Israel Dropped the Ball on Human Rights, but We Won’t!
by Anna Baltzer, National Organizer, US Campaign to End the Israeli Occupation
October 18th, 2012
Last week, more than 100 organizations worldwide — including dozens of US Campaign coalition members — signed onto a letter of support for the first Israeli sports team boycott campaign in the United States, organized by member group Minnesota Break the Bonds Campaign (MN BBC). The Israeli basketball team Maccabi-Haifa has been in the United States playing U.S. teams including the Minnesota Timberwolves.
“Stop Playin’ with Apartheid”
When the Timberwolves refused to cancel their game with the Maccabi, almost two dozen activists protested inside the stadium calling on the team to “Stop Playing with Apartheid!” The protestors were ejected from the game for “disruptive and inappropriate messages” (meanwhile, counter-protestors waving Israeli flags were allowed to stay). According to a press release on the MN BBC website, a legal observer and civil rights attorney was assaulted and temporarily arrested by local security and police.
A boycott of Apartheid South Africa’s sports teams proved to be a particularly effective tool in the struggle to end oppression there. At the time, South African teams that had not taken a public stance against apartheid would not be invited by any self-respecting tournament or venue. It should be no different with Apartheid Israel today.
In the same way that South African teams were, almost all Israeli sports teams are cynically used asambassadors of an apartheid state. Additionally, Maccabi is sponsored by Ya’akov Shahar, chairman of Mayer’s Cars and Trucks Ltd., the official importer to Israel of Volvo. Both companies are heavily involved in the Israeli occupation, as documented by Who Profits?, an Israeli research project. Israeli sports teams like Maccabi are also notorious for racism and racial discrimination against Palestinians.
As the activists in Minnesota stated: “Love Basketball; Hate Apartheid.”
The Palestinian call for boycott, divestment, and sanctions (BDS) first made its way into U.S. basketball discourse when the US Campaign learned that legendary player Kareem Abdul-Jabbar canceledparticipation in an Israeli film festival following Israel’s killing of twelve unarmed Palestinian refugees attempting to exercise their internationally-recognized right of return.
RAFEEF ZIADAH is a Canadian-Palestinian spoken word artist and activist. Her debut CD Hadeel is dedicated to Palestinian youth, who still fly kites in the face of F16 bombers, who still remember the names if their villages in Palestine and still hear the sound of Hadeel (cooing of doves) over Gaza.
BDS stands for Boycott, Divestment, and Sanctions. On July 9, 2005, one year after the historic Advisory Opinion of the International Court of Justice (ICJ) which found Israel’s Wall built on occupied Palestinian territory to be illegal, an overwhelming majority of Palestinian civil society called upon international civil society organizations and people of conscience all over the world to impose broad boycotts and implement divestment initiatives against Israel, similar to those applied to South Africa in the apartheid era.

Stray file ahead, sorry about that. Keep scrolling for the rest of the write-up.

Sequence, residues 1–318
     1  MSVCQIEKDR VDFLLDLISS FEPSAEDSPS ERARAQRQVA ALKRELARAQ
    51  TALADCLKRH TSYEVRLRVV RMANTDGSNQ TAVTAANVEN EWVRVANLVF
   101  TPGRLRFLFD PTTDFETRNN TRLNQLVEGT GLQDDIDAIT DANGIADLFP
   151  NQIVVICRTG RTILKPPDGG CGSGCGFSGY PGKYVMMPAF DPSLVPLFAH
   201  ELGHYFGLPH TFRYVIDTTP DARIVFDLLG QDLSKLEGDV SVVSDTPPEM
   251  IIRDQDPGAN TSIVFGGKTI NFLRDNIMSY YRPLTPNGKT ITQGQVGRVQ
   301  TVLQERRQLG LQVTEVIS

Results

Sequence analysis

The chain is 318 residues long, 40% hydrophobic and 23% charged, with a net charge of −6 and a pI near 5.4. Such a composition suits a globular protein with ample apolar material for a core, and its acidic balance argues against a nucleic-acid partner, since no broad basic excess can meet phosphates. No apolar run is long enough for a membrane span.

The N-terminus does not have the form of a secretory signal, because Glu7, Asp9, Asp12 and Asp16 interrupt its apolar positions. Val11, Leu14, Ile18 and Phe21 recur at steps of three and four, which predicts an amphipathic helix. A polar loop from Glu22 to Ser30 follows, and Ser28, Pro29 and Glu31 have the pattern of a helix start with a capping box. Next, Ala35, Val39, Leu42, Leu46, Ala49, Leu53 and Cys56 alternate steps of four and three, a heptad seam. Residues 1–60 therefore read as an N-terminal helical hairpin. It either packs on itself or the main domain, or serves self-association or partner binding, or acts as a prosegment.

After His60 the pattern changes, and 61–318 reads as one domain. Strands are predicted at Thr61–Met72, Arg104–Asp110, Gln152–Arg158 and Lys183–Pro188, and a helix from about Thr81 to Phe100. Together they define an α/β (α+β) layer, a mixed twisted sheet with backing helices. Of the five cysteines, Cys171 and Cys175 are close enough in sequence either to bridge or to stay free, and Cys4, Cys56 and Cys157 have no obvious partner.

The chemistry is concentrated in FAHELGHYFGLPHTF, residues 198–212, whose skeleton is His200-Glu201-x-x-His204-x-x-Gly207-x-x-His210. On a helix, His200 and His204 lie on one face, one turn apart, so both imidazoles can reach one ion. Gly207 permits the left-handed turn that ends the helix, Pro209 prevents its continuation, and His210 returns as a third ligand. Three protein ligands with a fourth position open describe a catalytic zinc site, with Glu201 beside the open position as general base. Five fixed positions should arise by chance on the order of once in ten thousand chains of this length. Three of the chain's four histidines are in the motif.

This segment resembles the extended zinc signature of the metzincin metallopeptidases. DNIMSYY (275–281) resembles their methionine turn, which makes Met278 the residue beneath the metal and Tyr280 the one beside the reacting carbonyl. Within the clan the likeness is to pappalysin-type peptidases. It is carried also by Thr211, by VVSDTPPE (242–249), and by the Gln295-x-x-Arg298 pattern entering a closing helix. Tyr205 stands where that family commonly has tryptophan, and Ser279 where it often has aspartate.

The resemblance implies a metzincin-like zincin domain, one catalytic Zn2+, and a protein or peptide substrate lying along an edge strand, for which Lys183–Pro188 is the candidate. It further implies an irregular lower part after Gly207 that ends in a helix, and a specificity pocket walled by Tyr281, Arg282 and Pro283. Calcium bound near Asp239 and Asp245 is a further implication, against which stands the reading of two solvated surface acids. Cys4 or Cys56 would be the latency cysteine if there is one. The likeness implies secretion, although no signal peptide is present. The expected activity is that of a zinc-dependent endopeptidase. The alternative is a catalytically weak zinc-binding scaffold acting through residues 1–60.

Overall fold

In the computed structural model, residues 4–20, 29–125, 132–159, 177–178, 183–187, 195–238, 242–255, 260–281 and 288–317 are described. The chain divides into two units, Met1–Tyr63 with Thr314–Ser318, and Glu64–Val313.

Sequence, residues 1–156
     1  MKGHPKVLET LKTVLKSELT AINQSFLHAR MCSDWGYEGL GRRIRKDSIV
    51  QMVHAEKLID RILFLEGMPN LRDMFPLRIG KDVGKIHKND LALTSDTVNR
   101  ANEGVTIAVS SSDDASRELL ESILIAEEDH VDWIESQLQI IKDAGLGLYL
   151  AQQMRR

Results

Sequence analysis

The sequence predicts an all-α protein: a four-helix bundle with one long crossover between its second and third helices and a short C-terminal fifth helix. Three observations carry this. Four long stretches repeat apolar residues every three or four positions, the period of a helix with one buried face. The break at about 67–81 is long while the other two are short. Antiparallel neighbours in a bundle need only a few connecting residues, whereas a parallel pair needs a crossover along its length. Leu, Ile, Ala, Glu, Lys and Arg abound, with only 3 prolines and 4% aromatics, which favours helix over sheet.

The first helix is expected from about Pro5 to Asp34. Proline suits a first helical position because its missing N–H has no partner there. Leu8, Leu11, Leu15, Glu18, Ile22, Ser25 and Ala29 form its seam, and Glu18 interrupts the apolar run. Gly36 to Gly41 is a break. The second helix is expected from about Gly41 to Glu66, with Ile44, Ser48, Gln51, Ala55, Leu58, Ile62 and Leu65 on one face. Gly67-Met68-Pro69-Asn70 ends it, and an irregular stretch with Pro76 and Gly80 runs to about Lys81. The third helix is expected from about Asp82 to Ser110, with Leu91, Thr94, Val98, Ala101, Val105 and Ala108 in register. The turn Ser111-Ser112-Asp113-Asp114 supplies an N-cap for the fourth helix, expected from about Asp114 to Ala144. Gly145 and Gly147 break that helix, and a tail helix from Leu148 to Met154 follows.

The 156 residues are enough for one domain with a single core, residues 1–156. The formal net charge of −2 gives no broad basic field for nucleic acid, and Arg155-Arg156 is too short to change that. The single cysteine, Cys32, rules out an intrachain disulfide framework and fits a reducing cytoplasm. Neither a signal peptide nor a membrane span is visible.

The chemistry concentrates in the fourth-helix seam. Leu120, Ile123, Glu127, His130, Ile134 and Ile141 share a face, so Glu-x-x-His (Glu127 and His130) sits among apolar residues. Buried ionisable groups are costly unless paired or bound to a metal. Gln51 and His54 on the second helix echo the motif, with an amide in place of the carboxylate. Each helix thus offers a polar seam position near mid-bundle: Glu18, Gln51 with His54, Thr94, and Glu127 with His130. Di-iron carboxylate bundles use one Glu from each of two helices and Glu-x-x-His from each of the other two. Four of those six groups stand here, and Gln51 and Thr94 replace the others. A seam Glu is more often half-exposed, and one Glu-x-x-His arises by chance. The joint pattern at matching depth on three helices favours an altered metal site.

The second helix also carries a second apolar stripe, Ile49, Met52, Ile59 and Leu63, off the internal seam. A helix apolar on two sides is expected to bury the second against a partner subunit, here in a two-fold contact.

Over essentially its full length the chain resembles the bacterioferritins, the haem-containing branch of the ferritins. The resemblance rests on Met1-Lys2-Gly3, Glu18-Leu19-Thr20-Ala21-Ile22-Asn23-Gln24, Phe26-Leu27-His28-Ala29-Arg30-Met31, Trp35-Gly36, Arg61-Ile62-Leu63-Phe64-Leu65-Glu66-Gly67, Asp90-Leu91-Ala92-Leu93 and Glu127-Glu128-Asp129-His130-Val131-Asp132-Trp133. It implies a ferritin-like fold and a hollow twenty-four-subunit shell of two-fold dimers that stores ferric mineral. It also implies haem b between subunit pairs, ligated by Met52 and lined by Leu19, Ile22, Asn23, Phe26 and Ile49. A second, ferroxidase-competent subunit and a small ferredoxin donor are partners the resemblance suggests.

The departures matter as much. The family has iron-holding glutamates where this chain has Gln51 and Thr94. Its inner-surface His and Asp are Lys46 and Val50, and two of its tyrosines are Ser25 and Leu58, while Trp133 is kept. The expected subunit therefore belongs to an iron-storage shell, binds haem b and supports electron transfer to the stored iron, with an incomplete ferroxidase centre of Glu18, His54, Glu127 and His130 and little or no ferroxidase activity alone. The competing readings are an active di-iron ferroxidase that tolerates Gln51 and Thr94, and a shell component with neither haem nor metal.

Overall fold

What are the goals of BDS?
According to the 2005 call by Palestinian civil society: Boycott, Divestment, and Sanctions are nonviolent punitive measures to be maintained until Israel meets its obligation to recognize the Palestinian people’s inalienable right to self-determination and fully complies with the precepts of international law by:
1. Ending its occupation and colonization of all Arab lands and dismantling the Wall;
2. Recognizing the fundamental rights of the Arab-Palestinian citizens of Israel to full equality; and
3. Respecting, protecting and promoting the rights of Palestinian refugees to return to their homes and properties as stipulated in UN resolution 194. Continue reading →
A sustained world-wide campaign of boycott, divestment, and sanctions aimed at Israel is needed, just as it was in apartheid South Africa, to end the many decades long oppression of Palestinians by the State of Israel.
Israel’s helicopter raid in international waters on the flotilla bringing relief supplies to Gaza, killing 9 peace activists, has been severely condemned by the entire world, barring the pro-Israel lobby in the US, for which there is no atrocity Israel can commit that it would not try to justify. India’s reaction, however, was extremely disappointing. A general condemnation of violence serves little purpose in this situation where the issues are clear cut and leave little room for obfuscation.
A decade ago, the former US President Jimmy Carter provoked a storm of criticism in the US for writing a book with the title “Peace Not Apartheid.” The Israel lobby, which seems to control both the legislative and the executive branches of government in the US, is treated with deference by the media, and is kowtowed to by both liberals and conservatives, severely castigated Carter for daring to equate Israel with the liberals’ bête-noire, apartheid South Africa. However, Carter’s mild rebuke of Israel over its treatment of Palestinians in the now over four decade long occupation was hardly something to get too worked up about. A few minutes of observation in the bus station behind Jerusalem Old City’s Damascus Gate, where the mini-buses leave for Ramallah in the West Bank reveals far more than any book can about what apartheid in Israel is like. Continue reading →